If you ride a dirt bike, even a trail bike like a CRF125F, you’re almost guaranteed to want to know how fast it goes. As dirt bike riders, we need to know how fast our bikes go. In this article, we’ll be covering the top speed of CRF125F.
CRF125F Top Speed
Honda is known as one of the main dirt bike brands in most people’s eyes, but did you know Honda was actually one of the first companies to popularize dirt bikes in the 1900s?
Today, you don’t usually think of Honda as having the fastest machines. Honda is more commonly known for its reliability. Its woods and trail bikes are some of the most popular in the industry, with Yamaha’s trail bikes, like the TTR 125 and TTR 230 right alongside Honda.
If Honda is more known for reliability than pure speed, and the CRF125F is a trail bike, not a race bike, what does this mean for the CRF125F top speed?
The CRF125F top speed is about 50-55 mph.
Why did I pick these two bikes to compare the CRF125F?
First, the TTR 125 was chosen because it’s essentially Yamaha’s version of Honda’s CRF125F that we’re discussing here. People are often interested in the different speeds between similar bikes from different brands.
The CRF 110 was chosen as a comparison because it’s a similar bike to the CRF125F, both are trail bikes from Honda, but the CRF110 has a signficantly smaller bike size and a slightly smaller engine (only 15cc).
(Most people know the CRF110 as a “pit bike” not a “trail bike,” which it is also a pit bike, but Honda has it as part of their trail bike lineup.)
There are several factors at play when it comes to the CRF125F top speed. Let’s take a look at them.
What changes the top speed of CRF125F?
It can be tough at times to calculate the true top speed of a dirt bike because there are quite a few different items that can impact it.
This might be obvious to some, but engine work and aftermarket parts are going to impact the CRF125F top speed. Arguably, most of anything.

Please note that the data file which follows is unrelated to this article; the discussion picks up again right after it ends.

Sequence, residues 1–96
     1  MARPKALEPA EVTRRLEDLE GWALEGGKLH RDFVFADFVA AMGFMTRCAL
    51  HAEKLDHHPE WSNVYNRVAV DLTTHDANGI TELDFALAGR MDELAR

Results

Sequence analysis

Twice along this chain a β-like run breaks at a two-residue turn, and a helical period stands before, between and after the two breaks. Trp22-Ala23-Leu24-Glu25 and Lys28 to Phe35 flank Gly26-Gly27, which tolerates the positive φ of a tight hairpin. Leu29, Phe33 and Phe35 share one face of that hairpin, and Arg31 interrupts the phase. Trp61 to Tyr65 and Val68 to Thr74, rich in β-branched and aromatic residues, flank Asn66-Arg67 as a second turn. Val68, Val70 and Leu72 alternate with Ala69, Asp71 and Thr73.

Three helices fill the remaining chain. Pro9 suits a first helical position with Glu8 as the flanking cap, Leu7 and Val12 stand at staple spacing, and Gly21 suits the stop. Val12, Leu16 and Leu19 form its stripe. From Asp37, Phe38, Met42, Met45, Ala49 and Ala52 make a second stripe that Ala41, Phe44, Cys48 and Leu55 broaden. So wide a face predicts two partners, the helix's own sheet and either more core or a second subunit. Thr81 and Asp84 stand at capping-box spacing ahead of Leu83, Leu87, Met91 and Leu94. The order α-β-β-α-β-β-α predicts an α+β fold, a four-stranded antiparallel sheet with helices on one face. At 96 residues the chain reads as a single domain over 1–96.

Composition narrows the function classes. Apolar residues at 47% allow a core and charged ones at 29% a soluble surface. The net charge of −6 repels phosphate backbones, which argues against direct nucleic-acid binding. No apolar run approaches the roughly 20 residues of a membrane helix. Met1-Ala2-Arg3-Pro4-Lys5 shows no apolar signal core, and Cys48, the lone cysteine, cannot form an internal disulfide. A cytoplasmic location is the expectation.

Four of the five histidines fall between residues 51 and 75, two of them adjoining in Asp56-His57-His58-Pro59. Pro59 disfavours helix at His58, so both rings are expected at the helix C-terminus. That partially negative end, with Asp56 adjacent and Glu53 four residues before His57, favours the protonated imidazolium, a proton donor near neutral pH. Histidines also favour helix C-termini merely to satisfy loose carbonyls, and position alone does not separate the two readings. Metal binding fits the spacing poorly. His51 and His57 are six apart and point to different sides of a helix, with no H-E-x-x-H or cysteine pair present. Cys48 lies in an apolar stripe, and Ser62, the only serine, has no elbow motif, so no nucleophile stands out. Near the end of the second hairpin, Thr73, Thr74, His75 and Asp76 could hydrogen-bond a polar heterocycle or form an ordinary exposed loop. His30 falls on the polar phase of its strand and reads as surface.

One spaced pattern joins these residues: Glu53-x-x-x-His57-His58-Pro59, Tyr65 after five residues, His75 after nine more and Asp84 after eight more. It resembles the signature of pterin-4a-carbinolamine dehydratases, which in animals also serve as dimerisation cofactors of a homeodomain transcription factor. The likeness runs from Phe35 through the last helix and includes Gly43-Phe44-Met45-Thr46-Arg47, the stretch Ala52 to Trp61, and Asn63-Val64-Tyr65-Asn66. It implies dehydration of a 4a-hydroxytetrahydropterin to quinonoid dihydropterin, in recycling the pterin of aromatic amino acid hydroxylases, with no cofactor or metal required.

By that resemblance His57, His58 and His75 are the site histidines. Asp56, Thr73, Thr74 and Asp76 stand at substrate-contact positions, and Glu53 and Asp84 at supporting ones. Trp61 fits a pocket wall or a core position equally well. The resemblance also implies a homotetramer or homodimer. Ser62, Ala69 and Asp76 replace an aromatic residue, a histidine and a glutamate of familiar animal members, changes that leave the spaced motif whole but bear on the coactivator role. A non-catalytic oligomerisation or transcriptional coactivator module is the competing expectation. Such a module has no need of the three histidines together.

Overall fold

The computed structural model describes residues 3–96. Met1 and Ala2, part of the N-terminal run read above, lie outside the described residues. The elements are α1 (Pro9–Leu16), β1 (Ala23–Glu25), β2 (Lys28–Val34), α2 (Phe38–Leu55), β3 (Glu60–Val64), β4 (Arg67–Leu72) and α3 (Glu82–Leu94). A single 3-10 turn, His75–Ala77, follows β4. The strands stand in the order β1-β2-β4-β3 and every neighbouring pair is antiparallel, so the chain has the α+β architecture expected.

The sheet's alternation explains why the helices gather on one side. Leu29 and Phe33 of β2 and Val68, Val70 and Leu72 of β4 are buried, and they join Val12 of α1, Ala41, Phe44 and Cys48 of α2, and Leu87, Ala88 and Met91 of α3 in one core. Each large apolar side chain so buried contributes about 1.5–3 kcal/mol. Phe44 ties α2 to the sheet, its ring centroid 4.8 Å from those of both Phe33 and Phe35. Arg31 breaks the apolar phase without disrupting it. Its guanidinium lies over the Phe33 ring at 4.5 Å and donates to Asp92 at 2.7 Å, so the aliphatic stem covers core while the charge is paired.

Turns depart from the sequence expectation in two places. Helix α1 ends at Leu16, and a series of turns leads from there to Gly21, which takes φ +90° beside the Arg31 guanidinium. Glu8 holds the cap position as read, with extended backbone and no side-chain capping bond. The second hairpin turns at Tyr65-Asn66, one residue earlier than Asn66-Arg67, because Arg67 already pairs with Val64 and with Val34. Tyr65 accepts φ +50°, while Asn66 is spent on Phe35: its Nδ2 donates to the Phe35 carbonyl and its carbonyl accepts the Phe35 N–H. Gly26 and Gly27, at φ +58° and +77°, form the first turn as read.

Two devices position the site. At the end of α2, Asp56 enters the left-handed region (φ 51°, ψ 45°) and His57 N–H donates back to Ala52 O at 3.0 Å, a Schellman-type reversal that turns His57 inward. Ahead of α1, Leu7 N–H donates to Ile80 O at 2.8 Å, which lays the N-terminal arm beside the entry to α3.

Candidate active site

If your CRF125F has engine work (especially a big bore kit) and a pipe, that’s not really comparable to the top speed of a stock CRF125F.
The top speed of CRF125F that hasn’t had any work done to it will be significantly lower than the top speed of CRF125F that has undergone mods.
The more work you do to the bike, the greater the difference in speeds will be.
There are other factors at play here too – such as gearing, riding conditions, and more.
The second most important factor in determining the CRF125F top speed is its gearing. Gearing refers to the size (and ratio) of the front and rear sprockets.
For reference, the stock gearing for this bike is a 13-tooth front sprocket and a 46-tooth rear sprocket (depending on the year of your bike).
Riders normally pick different gearing depending on the situation they’re riding. If the rider is racing supercross, they would typically want more acceleration (referred to as more bottom end). To achieve this, they’d use either a smaller front sprocket or a larger rear one. This is known as having a low gear ratio.
If the rider is racing motocross, they may want more top speed (known as top end). To do this, the rider would use a larger front sprocket or a smaller rear sprocket; in other words, they would be changing to a higher gear ratio.
Riding in the woods can require an entirely different gearing combination than that of supercross or motocross.
This might not sound like much to some people, but it has a large impact on the top speed of CRF125F (or any dirt bike, for that matter). Depending on the gear changes made, it can increase or decrease the CRF125F top speed by more than 3-5 mph.
A CRF125F with a 8-tooth front sprocket will have a different top speed than one with the stock 14-tooth front sprocket (I made the difference wide to make a point — no one is running a 8-tooth front sprocket on their CRF125F….).
Additionally, a change to the front sprocket has a great effect on the CRF125F top speed and bottom end than changing the rear sprocket. Going up or down one tooth on the front sprocket is not equal to one tooth on the rear sprocket.